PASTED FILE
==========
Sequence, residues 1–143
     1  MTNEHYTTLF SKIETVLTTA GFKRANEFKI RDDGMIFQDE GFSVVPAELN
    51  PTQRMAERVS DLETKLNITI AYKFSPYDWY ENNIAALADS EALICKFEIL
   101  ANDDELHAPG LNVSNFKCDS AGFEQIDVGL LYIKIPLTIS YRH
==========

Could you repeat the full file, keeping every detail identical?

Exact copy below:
Sequence, residues 1–143
     1  MTNEHYTTLF SKIETVLTTA GFKRANEFKI RDDGMIFQDE GFSVVPAELN
    51  PTQRMAERVS DLETKLNITI AYKFSPYDWY ENNIAALADS EALICKFEIL
   101  ANDDELHAPG LNVSNFKCDS AGFEQIDVGL LYIKIPLTIS YRH